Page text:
Improving your business’s security online doesn’t necessarily mean you have to spend a fortune or hire a specialist. Following these five simple steps will provide your business with some additional security layers for its online accounts that will significantly reduce the risk of hacking and resulting fraud. And, they also won’t cost you a dime.
Turn on email/SMS notifications
Many online services—including your favorite bill pay solution, Melio—offer the option to receive email or text notifications for every action performed in your account. While getting a lot of emails and texts may seem overwhelming at times, it’s one of the easiest ways to make sure you know exactly what’s going on in your accounts in real time.
If that’s too much, most services let you set certain thresholds or rules for these notifications, only sending them, for example, for sign-ins from new devices or for transactions above $1,000.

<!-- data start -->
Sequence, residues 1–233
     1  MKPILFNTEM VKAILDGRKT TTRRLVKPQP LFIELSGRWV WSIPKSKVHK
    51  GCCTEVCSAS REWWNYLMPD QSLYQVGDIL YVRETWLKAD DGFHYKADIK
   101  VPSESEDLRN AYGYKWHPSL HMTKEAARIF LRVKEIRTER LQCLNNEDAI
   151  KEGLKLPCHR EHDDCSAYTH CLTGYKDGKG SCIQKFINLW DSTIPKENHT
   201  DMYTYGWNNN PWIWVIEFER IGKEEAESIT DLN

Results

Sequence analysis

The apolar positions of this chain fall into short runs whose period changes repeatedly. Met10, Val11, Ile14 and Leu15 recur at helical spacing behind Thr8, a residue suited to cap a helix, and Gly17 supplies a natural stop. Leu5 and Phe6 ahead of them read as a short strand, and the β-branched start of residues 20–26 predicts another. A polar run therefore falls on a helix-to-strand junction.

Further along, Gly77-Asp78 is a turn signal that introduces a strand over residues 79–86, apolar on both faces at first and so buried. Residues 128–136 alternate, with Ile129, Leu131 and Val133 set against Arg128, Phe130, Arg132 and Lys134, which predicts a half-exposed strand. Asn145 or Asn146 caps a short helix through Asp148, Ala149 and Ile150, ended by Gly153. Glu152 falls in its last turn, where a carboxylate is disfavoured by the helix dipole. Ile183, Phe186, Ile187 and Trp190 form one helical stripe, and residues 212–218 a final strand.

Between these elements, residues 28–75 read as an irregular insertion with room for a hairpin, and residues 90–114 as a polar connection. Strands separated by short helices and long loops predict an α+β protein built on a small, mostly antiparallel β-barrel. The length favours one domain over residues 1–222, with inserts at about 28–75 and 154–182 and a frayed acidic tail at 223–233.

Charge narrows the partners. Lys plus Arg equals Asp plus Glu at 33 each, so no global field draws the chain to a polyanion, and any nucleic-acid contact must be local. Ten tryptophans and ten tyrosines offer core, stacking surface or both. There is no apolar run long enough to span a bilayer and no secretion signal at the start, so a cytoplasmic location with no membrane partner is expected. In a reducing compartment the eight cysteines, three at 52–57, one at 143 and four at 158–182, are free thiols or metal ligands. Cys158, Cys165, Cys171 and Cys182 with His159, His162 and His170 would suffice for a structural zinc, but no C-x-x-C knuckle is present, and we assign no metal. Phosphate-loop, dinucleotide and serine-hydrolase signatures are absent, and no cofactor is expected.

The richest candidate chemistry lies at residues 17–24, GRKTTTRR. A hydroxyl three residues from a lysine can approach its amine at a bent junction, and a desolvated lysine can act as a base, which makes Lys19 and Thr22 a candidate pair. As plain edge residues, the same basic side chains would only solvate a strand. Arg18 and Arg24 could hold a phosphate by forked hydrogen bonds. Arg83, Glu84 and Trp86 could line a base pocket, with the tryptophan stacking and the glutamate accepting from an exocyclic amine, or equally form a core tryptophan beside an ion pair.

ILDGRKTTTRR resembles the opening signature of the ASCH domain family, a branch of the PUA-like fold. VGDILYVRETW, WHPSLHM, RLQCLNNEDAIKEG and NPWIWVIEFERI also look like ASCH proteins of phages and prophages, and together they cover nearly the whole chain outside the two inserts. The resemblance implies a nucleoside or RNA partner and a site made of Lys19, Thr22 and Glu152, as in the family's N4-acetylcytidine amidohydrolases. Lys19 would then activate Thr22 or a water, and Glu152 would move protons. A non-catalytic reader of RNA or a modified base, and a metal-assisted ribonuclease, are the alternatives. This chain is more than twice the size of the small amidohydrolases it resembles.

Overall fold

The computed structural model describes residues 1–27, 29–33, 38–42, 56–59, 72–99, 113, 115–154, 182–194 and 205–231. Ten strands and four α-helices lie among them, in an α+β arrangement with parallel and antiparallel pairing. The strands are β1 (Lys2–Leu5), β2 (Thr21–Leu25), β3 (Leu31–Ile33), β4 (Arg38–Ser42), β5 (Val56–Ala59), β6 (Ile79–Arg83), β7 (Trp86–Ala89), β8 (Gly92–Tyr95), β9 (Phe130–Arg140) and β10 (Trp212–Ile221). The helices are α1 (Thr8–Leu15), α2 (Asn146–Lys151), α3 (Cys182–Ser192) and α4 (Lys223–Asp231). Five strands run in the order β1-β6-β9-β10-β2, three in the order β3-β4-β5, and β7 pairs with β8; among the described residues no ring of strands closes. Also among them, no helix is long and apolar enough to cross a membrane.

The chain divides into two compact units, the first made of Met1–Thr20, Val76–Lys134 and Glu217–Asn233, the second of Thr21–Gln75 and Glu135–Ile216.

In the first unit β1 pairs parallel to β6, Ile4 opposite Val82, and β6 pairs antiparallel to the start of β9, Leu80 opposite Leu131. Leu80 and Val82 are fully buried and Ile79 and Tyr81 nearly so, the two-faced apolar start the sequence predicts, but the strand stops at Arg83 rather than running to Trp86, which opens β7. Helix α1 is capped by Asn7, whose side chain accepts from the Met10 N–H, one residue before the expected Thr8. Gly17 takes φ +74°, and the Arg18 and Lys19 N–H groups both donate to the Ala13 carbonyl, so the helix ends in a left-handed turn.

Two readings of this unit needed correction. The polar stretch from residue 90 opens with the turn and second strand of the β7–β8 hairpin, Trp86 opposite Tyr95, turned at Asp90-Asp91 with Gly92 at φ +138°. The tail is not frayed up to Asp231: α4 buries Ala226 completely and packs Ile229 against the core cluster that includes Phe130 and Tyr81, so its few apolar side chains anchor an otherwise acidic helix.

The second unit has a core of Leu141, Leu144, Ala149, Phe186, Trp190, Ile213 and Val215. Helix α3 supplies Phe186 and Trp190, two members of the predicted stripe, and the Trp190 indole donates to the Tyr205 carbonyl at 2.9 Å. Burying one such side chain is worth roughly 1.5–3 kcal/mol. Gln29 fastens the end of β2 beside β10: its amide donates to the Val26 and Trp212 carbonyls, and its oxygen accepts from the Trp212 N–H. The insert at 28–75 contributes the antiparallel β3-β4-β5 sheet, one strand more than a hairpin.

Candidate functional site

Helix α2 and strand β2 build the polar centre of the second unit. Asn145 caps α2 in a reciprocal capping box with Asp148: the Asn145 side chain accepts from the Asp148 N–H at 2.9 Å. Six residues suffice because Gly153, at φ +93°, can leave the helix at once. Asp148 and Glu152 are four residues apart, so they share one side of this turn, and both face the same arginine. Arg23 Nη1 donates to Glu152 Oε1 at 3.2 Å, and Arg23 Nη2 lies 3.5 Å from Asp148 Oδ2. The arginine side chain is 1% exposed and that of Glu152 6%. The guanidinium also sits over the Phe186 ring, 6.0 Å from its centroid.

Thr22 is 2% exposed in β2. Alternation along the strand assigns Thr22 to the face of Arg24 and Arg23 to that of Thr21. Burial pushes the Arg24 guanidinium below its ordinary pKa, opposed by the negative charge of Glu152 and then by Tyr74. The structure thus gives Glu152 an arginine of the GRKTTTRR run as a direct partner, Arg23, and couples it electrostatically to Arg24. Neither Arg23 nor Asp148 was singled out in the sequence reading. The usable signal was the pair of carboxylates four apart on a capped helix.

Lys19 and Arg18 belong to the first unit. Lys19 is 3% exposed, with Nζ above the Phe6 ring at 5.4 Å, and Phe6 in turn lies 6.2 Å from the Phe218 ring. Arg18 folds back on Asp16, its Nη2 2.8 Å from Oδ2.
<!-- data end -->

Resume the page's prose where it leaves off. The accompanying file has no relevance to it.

Change passwords regularly
Unlike a bottle of wine, a good password does not age well. The longer you use a password the bigger your exposure, especially if other members of your team are also using it to log on. Make a habit of resetting all your passwords at least once or twice a year so you have better control over who has them on file.
Use a password manager
Instead of trying to remember all of your passwords by heart, writing them down, or saving them in an unsecured doc file, keep them in a password management service. This way, your passwords will be easy for you to access when you need them but remain hidden from anyone else. Encourage your team members to do the same if they have access to your accounts and passwords. If you’re worried about costs, a simple manager is included for free with most browsers, including Chrome, Safari, and Microsoft Edge.
Another thing a password manager can help with is creating strong passwords. While it’s tempting to use your spouse’s birthday or dog’s name as the go-to password for all accounts, it’s better to follow password best practices to increase security. The main thing you need to make sure of is that every one of your accounts has a good and unique password that’s difficult to guess.